1 On that day a great persecution broke out against the church in Jerusalem, and all except the apostles were scattered throughout Judea and Samaria. 2 Godly men buried Stephen and mourned deeply for him. 3 But Saul began to destroy the church. Going from house to house, he dragged off both men and women and put them in prison. 4 Those who had been scattered preached the word wherever they went. 5 Philip went down to a city in Samaria and proclaimed the Messiah there. 6 When the crowds heard Philip and saw the signs he performed, they all paid close attention to what he said. 7 For with shrieks, impure spirits came out of many, and many who were paralyzed or lame were healed. 8 So there was great joy in that city.
–Acts 8.1b-8 (NIV)
If you are aware of any church history, you know that the first-century church spread like wildfire and went on to turn its world upside down in the Name of Jesus. But did you know how and why the early church spread? Luke tells us in today’s passage. The early church spread initially because it was persecuted and one of the early leaders of the persecution was none other than Saul (later known as Paul) of Tarsus, who later became arguably the greatest of all the Apostles, at least in terms of spreading the Gospel throughout the ancient world of the Roman Empire.
Today’s lesson is another powerful reminder of how God can turn evil into good. If the folks who comprised the first church were like us in any way, and surely they must have been because the human condition has not changed much over the centuries, they likely would have been quite satisfied to stay put and enjoy the benefits of fellowship with each other and their Lord. Sure, Jesus had told the apostles to go and make disciples of all nations, baptizing them in the name of the Father, and of the Son, and of the Holy Spirit (Matthew 28.16-20), but that is easier said than done! And so we can reasonably infer from Luke’s report here that the church really didn’t start to fulfill Jesus’ Great Commission until its people suffered severe persecution. If God’s people weren’t in any hurry to get off their duffs and spread the Good News of Jesus to the nations, even after hearing this command from Jesus himself, God would provide them with a little incentive to do so. I certainly do not mean to make light of persecution. The point is that God used evil and turned it into good.
Much to the persecutors’ chagrin, as the early Christians were scattered, they took the message of the Gospel with them and preached it to those who had not heard it. They not only preached it, they lived it by their actions and Luke reports that the early church turned heads by their amazing acts of Spirit-driven power, acts of healing and compassion, and kindness. But it apparently took an initial evil to get the ball rolling. In fact, the overall history of the church reflects this. When the church has been a persecuted minority, it has generally flourished. When it has become a major player in society, it has often foundered.
This should not particularly surprise us since the church’s founder was subject to persecution and death himself. When Jesus called Saul to be his Apostle to the Gentiles, he told and showed Paul how much he must suffer for Jesus’ sake. Apparently it is true. If we are to follow Jesus we must take up our cross each day, deny ourselves, and follow Jesus. In other words, we can expect to suffer and face persecution for Jesus’ sake.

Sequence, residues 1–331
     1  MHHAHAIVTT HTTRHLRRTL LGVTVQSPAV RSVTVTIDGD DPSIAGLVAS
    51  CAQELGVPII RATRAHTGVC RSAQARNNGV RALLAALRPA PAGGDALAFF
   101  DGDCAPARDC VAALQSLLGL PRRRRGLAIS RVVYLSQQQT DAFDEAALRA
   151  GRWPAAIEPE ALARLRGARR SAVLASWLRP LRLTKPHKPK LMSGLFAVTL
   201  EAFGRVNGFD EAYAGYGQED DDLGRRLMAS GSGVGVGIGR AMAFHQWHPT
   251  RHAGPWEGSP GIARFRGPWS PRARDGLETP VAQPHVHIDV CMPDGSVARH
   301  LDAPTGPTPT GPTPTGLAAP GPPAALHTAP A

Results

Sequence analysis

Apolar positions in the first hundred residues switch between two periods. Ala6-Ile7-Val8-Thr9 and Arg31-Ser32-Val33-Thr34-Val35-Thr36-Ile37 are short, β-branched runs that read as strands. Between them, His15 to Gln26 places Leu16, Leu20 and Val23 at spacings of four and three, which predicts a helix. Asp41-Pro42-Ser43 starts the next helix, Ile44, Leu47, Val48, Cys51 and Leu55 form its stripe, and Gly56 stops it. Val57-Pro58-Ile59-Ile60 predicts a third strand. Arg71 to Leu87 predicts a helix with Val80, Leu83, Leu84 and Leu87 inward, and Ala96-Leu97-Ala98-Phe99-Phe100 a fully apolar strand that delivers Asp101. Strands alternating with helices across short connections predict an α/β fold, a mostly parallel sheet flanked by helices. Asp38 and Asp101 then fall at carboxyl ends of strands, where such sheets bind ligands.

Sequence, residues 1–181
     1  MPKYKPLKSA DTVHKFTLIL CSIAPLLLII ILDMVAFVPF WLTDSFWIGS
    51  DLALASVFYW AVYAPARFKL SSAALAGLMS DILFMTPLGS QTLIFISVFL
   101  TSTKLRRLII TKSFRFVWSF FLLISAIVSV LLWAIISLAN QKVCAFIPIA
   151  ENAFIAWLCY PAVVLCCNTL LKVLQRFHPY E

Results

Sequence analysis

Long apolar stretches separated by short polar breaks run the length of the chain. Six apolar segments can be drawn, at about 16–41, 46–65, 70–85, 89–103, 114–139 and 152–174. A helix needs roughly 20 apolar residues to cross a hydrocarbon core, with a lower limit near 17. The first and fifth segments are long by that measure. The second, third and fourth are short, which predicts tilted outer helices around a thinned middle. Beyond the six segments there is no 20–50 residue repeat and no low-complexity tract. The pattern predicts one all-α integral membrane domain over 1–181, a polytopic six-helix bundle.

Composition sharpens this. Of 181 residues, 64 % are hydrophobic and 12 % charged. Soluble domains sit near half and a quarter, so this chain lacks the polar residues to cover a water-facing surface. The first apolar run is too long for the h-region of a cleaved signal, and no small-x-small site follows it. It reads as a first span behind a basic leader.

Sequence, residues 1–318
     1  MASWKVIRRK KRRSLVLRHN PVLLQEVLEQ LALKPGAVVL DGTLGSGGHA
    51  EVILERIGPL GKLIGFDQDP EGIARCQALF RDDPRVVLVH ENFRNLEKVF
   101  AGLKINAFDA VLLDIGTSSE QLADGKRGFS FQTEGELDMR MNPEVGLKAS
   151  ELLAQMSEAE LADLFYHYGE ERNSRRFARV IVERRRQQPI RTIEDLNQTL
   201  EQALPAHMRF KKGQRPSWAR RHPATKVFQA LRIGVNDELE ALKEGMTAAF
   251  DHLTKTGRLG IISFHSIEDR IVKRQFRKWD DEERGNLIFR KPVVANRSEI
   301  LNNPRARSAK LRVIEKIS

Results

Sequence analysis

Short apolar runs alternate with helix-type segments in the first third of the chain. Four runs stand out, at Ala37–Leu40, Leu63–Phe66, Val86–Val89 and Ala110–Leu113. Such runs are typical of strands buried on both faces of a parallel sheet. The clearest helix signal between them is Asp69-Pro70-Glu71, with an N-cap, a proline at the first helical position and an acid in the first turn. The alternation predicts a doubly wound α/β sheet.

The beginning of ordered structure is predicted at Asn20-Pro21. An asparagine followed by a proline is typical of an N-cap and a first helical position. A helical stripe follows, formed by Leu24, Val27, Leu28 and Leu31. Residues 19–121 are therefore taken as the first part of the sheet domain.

But a funny thing, that. When we do suffer and experience persecution for Jesus’ sake we can take it as a badge of honor. If God can use the murderous attempts of Saul and others like him to spread the faith and grow his church, how much more can he use your own sufferings to help you grow and get to where God wants you to be? There are countless examples of Christians who have let God use their own tragedies and personal sufferings to help others in need and to bring Christ’s love to bear on his hurting and broken world. This is how Jesus seems to work as often as not and it takes a good amount of trust on our part to buy into the program.
That is why we need to take Scripture’s exhortations to remember constantly God’s mighty acts of power and his great love and faithfulness. When we do we are better able by God’s grace to see his hand at work in our own suffering and problems. This, in turn, will help us persevere and even overcome all that can afflict us–as long as we remember to make it about God and not ourselves.
What evil is in your life that you can give over to God to transform into good? You have God’s promise in the NT that he has dealt decisively with evil on the cross and is now working at bringing about his promised New Creation. The same God who has done this and who is always good to his word will likewise help you overcome the evil in your life. It may not be instantaneous and you may have to really persevere and struggle with whatever it is you are dealing with. But as you do, and as your remember God’s great power to deliver on his promises, you can be confident that some kind of good will come out of the evil that afflicts you or your loved ones.
But you have to give yourself entirely to God and trust him to work his will as he sees best. If you have not already done so, are you ready to let God use you to help him turn his world upside down by bringing his great love in Christ to bear on you and those he calls you minister to in his name? This is not a call to take a leap of blind faith. You have an established track record to look at, both in Scripture and in the lives of countless faithful men and women, that God can use to reassure you that he is with you always and will deliver on his promises to you, even in the darkest and deepest of your valleys.